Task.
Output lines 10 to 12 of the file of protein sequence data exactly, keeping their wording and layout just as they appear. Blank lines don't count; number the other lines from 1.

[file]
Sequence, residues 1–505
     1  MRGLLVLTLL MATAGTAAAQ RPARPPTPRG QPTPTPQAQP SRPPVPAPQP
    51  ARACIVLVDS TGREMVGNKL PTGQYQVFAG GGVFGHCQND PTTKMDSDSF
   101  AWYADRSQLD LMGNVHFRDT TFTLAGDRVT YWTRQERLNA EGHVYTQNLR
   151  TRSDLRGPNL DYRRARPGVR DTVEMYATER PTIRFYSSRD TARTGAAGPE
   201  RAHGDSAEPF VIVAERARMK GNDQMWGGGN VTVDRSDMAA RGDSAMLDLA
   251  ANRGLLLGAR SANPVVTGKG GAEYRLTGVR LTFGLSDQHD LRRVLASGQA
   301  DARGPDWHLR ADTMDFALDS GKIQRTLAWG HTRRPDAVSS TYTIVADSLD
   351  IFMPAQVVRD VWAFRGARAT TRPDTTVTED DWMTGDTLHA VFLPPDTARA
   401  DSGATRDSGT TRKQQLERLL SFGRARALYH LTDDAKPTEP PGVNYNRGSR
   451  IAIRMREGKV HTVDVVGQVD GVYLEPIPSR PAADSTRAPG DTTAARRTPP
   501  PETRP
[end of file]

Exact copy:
   401  DSGATRDSGT TRKQQLERLL SFGRARALYH LTDDAKPTEP PGVNYNRGSR
   451  IAIRMREGKV HTVDVVGQVD GVYLEPIPSR PAADSTRAPG DTTAARRTPP
   501  PETRP